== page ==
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Decaffeinated coffee

Decaffeinated coffee

Decaffeinated coffee is becoming a common afternoon ritual for some, or a health "compulsion" for others.

Most of you love the taste and smell of coffee, but don't want to suffer the negative effects of caffeine on your body or your sleep.

Decaf is the obvious choice!

But what exactly is a decaffeinated coffee? And how do you get it? Does it have the same benefits and flavors as a normal coffee?

We help you find the answer to your questions in this article.

What is a decaffeinated coffee?

A decaffeinated coffee, or decaf for those who know it well, is a coffee where 97% of the caffeine has been removed using different extraction mechanisms. We go from a cup with a caffeine content between 70 and 140 mg, to a cup between 0 and 7 mg. A cup of decaffeinated coffee is therefore not entirely caffeine-free, and people who are very sensitive to caffeine should still avoid decaffeinated coffees. However, the difference is obvious enough that it can have an impact on your body if you have sleeping problems.

What are the advantages and disadvantages of decaffeinated coffee?

Some of the advantages may seem quite obvious. The main one being the low level of caffeine. This is already a big advantage for people whose metabolism does not assimilate caffeine well. However, you should not increase your coffee consumption because it is decaffeinated! As mentioned above, there is still some caffeine in it, and consuming it excessively will bring you the same effects as a traditional coffee.

From a health point of view, decaffeinated coffee affects much less the adenosine present in our nervous system: it is a biochemical compound that modulates our wakefulness and sleep cycles. So you can have a decaffeinated coffee at the end of the day without affecting your sleep.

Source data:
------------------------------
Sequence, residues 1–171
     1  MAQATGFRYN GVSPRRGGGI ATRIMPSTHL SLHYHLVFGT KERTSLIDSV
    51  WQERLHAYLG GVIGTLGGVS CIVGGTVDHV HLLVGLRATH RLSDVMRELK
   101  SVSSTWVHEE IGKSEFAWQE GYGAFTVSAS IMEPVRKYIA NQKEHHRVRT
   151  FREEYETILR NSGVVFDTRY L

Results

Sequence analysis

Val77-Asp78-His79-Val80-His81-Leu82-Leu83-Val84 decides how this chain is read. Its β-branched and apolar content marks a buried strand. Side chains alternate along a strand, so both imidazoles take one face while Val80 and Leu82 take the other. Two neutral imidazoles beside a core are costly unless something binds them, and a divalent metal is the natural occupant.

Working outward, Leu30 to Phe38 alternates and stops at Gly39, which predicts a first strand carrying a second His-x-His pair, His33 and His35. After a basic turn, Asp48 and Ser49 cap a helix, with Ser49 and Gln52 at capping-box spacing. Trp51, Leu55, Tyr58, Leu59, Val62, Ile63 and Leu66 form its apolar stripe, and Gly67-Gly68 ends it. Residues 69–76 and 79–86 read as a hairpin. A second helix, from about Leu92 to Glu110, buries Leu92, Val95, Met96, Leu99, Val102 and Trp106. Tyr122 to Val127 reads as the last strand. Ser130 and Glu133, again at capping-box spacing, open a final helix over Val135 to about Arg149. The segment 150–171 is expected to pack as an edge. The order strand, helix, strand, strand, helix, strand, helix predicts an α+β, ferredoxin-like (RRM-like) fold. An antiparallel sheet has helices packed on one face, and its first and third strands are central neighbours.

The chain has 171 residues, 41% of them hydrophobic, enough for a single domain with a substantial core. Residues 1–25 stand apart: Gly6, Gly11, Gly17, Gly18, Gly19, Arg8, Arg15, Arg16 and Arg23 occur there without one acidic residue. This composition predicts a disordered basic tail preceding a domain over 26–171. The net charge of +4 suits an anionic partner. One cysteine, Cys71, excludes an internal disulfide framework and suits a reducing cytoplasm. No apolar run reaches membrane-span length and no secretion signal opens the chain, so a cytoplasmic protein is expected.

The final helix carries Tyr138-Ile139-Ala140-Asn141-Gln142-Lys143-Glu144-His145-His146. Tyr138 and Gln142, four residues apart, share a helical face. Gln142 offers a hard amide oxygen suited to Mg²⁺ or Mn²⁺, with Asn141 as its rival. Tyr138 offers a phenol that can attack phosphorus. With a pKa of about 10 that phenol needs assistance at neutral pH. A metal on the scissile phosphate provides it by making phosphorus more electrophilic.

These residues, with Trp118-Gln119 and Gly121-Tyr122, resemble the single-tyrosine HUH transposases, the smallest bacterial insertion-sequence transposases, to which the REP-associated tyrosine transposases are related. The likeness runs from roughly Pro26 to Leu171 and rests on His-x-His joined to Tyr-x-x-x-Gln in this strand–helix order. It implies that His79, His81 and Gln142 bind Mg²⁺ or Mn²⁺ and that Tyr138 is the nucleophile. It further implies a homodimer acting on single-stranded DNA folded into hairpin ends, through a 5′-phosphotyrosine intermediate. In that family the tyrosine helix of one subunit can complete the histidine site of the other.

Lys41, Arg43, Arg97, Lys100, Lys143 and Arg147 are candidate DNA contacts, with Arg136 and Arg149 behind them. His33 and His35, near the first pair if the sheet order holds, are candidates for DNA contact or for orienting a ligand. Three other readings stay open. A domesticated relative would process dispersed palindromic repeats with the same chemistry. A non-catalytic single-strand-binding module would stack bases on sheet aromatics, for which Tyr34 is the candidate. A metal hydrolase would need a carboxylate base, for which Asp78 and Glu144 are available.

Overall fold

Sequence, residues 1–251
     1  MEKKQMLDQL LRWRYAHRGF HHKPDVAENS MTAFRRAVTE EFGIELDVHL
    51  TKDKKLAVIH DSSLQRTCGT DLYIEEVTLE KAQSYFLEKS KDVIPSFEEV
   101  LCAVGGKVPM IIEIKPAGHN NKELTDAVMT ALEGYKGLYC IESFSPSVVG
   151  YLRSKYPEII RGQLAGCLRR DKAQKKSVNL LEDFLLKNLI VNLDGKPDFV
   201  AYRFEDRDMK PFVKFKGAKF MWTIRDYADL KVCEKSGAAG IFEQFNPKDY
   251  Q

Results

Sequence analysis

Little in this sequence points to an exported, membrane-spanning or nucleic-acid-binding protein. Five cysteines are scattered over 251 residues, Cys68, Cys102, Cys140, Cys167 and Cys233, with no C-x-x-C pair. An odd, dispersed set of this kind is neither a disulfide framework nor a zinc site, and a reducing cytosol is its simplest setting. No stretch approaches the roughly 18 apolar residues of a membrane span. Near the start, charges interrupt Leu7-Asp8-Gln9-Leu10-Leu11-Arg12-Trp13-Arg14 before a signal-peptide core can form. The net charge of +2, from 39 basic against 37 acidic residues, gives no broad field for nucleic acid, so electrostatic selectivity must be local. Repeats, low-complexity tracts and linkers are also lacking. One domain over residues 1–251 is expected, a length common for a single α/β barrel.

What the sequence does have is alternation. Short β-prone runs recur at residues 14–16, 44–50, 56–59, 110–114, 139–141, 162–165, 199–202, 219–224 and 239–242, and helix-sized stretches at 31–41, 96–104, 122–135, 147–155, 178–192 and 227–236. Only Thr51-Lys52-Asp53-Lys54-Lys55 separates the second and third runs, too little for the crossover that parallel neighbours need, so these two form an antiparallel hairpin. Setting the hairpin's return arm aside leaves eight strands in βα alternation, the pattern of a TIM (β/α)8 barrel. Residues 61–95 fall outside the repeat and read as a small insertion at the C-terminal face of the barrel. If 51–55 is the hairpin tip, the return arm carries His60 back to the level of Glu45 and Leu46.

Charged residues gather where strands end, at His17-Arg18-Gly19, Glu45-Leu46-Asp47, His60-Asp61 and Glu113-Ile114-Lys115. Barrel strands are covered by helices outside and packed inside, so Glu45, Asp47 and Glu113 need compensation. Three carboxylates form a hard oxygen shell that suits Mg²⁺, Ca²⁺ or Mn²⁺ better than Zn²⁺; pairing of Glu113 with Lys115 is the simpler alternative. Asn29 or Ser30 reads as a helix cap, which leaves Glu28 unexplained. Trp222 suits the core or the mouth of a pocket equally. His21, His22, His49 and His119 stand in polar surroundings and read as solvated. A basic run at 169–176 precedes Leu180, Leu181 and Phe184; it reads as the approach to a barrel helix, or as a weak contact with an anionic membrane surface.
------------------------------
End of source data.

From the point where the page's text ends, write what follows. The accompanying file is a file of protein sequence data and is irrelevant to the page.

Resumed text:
It also retains all the health benefits of regular coffee. Coffee is rich in magnesium, which helps improve cardiovascular and brain function, and reduce the risk of diabetes. And components found in both classic and decaffeinated coffee (lignans and chlorogenic acid) have positive effects on glucose metabolism, thus reducing oxidative stress in the body. It also helps protect your liver, thanks to diterpenes, cafestol and kahweol, all 3 present in classic coffee, and which have protective effects against aflatoxin, a toxin harmful to the liver.

Decaffeinated coffee also contains many minerals and vitamins such as calcium, potassium, magnesium, iron, sodium and vitamin B3.

One of the big advantages is that decaffeinated coffee retains the nutritional and health values of a classic coffee, as well as the taste, since the coffee beans are decaffeinated before being roasted and ground.

As for the disadvantages, they are the same as for a classic coffee.

For example, coffee reduces the body's absorption of calcium, with a loss of about 4 to 6 mg of calcium per cup of coffee, which increases the risk of fracture.

Coffee also affects the absorption of non-heme iron (from plants), a problem that especially affects women. It is therefore advisable to drink coffee (decaffeinated or not) about 1 hour before or 2 hours after meals, so as not to inhibit iron absorption by the body.

In summary, a decaffeinated coffee retains all the benefits of a classic coffee, even if the nutritional values may be slightly reduced during the decaffeination process, while having a low caffeine content. The disadvantages are the same as for classic coffee.

How is coffee decaffeinated?

Decaffeinated coffees appeared at the beginning of the 20th century. Decaffeinating a coffee without altering its flavors is a challenge. Indeed, coffee remains a fruit and is sensitive to handling. It is therefore a delicate and somewhat traumatic process for a coffee bean.

There are two recognized processes to decaffeinate coffee: the chemical process and the natural process.


We reassure you to begin with, the standards governing the chemical decaffeination process are very strict. They guarantee a minimal level of chemicals that remain in the bean, and have no impact on your health. There are two methods for this process:

  • The indirect, or European method.
This is probably the best method of the chemical process.
The green beans are soaked in vats of very hot water, which removes the caffeine and the oils filled with flavors. Chemical solvent is then added to this water. As with CO2, the chemical solvent attaches to the caffeine. The water is heated to a high temperature so that it evaporates with the caffeine, while retaining the oils. The decaffeinated and flavourless beans are then immersed in new tanks of water and the oils are added. The oils are then added back into the beans.

  • The chemical method
This is the cheapest and fastest method, and therefore the most widely used in the trade. The chemical solvents chosen are usually ethyl acetate or methylene chloride.